Bill would allow all Ohio kids to attend private schools using state dollars
The legislation, known as the "backpack bill," allows universal vouchers for all students, regardless of family income.
About 35,000 Ohio K-12 students currently receive state-funded vouchers to attend private schools under the EdChoice program. But there’s a new bill that would make it possible for all of the state’s students to get vouchers if they want them.
Columbus resident Ben Douglass says his second-grade daughter was suffering from debilitating anxiety that kept her from even getting out of bed. So, he removed her from the public school she was attending and enrolled her in a private one with a voucher from the EdChoice program.
“Her test scores are incredible. Her happiness is great. Emotionally, academically, even spiritually, she’s just flourishing and feels so comfortable where she’s at,” Douglass says.
Because his daughter’s public-school building was considered failing and because his family made less than 250% of the federal poverty level, Douglass qualified for the EdChoice program. But many Ohioans don’t because they make too much money or live in a school district that is too high performing. Republican Rep. Riordan McClain (R-Upper Sandusky) says his bill to create a universal voucher program that changes that.
“We want to fund students, not systems, and empower parents to make the best decisions for their children,” McClain says.
Rep. Marilyn John (R-Shelby) says, the way it stands now, some students get left behind in public schools. And she says that’s unacceptable.
“One size fits all doesn’t work. It doesn’t work for most things and it certainly doesn’t work for education. And the backpack bill solves that problem,” John says.
Aaron Baer is the president of the Center for Christian Virtue, which calls itself Ohio's largest Christian public policy organization. Baer says this bill will allow parents to choose schools that align with their values. For example, he says parents in the Upper Arlington School District who were upset when the schools implemented gender-neutral bathrooms had no recourse but to accept that decision.
“All of their high schools and I believe their middle schools as well decided they were going to have single sex bathrooms so boys were going to be allowed to use the stall right next to a girl through those developmental times of life. And all of those children in Upper Arlington were forced to use those restrooms, whether the parent liked it or not. And they had no option to go elsewhere because most of those families were not eligible for EdChoice. A bill like this would be able to say, ‘look, Upper Arlington, if this is what you want to do, if this is the policy you want to have, ok, but now we are going to take, those families are allowed to go elsewhere,'” Baer says.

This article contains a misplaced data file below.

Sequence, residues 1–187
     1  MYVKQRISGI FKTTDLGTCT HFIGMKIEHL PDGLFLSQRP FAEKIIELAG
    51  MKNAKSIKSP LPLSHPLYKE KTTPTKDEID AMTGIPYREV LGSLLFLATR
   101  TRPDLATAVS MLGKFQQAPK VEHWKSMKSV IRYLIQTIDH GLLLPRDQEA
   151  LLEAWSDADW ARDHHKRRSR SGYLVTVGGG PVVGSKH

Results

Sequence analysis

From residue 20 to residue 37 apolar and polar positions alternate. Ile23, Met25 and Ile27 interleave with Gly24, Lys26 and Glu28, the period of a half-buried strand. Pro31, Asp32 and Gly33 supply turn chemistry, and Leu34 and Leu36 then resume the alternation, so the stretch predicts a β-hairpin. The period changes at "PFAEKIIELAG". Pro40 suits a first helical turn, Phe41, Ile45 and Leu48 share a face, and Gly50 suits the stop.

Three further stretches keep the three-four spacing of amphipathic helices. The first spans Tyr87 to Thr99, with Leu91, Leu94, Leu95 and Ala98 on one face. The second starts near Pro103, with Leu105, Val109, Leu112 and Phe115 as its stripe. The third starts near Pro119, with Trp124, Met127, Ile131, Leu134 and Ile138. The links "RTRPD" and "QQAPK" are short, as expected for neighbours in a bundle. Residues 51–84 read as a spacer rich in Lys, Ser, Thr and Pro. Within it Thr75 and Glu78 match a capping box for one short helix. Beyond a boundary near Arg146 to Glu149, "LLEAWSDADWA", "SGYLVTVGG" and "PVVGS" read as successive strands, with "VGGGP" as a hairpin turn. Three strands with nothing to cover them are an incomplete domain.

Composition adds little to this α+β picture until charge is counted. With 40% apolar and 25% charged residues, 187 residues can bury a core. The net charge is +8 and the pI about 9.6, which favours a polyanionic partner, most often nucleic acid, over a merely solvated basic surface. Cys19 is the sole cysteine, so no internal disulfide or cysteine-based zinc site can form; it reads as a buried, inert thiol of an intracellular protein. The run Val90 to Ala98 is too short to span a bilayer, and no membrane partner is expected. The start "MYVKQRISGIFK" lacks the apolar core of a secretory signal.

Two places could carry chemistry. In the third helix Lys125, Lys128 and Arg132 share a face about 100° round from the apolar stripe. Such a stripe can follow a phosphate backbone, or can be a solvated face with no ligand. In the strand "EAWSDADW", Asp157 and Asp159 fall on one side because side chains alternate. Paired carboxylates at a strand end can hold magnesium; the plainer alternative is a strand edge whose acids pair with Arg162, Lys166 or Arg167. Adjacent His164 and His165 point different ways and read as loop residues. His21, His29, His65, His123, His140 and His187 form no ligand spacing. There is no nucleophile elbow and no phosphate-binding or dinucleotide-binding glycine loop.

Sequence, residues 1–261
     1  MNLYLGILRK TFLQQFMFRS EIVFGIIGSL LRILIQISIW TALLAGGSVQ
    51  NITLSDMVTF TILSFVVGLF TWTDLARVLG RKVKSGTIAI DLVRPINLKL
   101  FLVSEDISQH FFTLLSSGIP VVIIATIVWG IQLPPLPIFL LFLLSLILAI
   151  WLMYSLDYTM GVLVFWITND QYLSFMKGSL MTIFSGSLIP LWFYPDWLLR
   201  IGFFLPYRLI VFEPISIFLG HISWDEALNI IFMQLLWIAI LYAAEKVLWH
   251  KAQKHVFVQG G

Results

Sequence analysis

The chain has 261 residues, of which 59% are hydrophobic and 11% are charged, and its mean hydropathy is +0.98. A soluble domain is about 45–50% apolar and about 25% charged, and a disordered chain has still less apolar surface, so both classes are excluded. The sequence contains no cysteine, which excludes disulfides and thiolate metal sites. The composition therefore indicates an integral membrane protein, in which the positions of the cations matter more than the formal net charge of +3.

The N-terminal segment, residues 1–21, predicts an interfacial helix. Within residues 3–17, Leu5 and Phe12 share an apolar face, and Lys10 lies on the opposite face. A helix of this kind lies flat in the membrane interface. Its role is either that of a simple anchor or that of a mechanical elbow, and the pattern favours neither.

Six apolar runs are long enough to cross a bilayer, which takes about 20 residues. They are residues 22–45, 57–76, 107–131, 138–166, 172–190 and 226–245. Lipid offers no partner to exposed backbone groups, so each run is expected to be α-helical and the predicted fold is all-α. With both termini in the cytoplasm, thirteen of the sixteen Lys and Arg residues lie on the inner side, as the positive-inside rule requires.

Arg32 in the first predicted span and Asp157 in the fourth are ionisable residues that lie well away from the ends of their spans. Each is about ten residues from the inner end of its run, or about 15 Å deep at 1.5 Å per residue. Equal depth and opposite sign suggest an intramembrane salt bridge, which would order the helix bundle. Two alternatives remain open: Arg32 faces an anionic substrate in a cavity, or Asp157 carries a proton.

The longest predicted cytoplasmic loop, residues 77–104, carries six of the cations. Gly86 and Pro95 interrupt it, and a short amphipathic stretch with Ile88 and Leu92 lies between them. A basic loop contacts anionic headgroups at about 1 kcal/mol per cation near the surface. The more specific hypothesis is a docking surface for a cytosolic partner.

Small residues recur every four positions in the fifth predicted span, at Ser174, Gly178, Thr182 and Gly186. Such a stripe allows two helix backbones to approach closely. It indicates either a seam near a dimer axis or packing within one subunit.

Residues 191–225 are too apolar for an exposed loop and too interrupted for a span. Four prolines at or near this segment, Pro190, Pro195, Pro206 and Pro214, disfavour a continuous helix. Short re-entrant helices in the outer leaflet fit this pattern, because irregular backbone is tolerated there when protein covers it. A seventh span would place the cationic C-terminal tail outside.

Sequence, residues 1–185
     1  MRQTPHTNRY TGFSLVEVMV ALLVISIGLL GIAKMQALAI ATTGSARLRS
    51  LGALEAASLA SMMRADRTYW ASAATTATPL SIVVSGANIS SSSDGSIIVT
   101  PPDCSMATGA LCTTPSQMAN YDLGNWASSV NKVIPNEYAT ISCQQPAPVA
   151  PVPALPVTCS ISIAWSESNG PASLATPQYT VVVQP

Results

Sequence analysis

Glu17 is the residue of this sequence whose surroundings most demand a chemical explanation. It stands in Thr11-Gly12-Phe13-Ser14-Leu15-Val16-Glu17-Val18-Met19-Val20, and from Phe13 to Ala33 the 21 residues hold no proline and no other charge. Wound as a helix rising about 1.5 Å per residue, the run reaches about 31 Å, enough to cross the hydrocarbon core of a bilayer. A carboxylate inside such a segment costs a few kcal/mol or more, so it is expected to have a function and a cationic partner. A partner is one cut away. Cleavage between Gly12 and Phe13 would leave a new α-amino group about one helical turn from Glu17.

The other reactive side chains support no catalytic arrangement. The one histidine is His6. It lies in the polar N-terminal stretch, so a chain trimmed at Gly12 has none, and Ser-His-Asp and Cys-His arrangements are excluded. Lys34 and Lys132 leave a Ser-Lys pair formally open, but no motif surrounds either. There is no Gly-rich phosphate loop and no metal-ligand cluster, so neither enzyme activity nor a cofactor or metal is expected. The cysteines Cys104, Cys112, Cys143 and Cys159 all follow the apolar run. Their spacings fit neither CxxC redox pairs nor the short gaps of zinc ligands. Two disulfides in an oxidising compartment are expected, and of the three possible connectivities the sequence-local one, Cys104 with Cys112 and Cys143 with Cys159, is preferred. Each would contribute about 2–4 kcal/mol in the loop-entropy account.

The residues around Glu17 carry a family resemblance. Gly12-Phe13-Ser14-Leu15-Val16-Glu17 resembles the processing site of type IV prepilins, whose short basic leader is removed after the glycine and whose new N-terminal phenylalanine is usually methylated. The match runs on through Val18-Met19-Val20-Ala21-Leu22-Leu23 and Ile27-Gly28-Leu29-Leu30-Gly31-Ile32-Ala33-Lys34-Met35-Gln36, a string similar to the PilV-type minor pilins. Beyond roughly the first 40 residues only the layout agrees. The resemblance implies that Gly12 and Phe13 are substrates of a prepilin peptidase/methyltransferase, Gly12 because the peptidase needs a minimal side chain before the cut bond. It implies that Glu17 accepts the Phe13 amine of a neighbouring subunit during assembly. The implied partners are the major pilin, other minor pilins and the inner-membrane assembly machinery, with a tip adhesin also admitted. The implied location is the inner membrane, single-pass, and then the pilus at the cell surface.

Backers of the bill say vouchers up to $7,500 would follow each child to the private school they choose. But even though 164,000 kids in Ohio attend private schools, along with 60,000 that use some sort of state-paid voucher, supporters of the bill claim that won’t take a lot of money away from public schools.
“This idea that it’s not going to cost any more is just a sham,” says Bill Phillis.
Phillis is a long-time public school advocate whose lawsuit over the property tax-based way of paying for schools got the system declared unconstitutional in 1997. The state has been trying to come up with a way to fund schools fairly ever since.
The value of EdChoice vouchers was increased in the most recent state budget. An analysis of that increase by the Ohio Education Policy Institute, which does research for the major public education groups, shows those increases could cost the state nearly $283 million over the next two years. And this bill would add to that.
Phillis says the goal of this bill is to dismantle common public education.
“It’s a global attempt to take stuff away from the public and put it into the private and when that happens, poor people end up with the short end of the stick,” Phillis says.
Phillis says any way you cut it, this would take money away from public schools.
“If Upper Arlington is getting $2000 from the state and it takes $7500 for a high school student to go to a scholarship, that’s taking money out of the pool of money that’s not going to be available across the state to the other districts," Phillis says.
Phillis says the money will be ripe for misuse and abuse as opportunists quickly set up fly-by-night schools to turn a profit.
“Give parents the opportunity to home school and give them a voucher for homeschooling and there will be a proliferation of that sort of thing going on and instead of using the money for education, some of the parents, now we have great confidence in most parents but some of the parents would be buying off-track four-wheelers as opposed to providing the money for education. We know there are parents out there who resist this whole compulsory education idea.”
Supporters of this bill say the state will have oversight of those dollars. But that’s no consolation to Phillis.
“We know that the state doesn’t really monitor. ECOT is a good example. The state doesn’t really monitor these types of private operations. ECOT got caught with a $60 million fraud one year. Well, they were operating the same way for the previous 15 years and the state had no clue about it. Or they chose to have no clue about it,” Phillis says.
But this bill would not cover students who want to go to a different public school. So, it wouldn’t require school districts that don’t allow open enrollment to do so.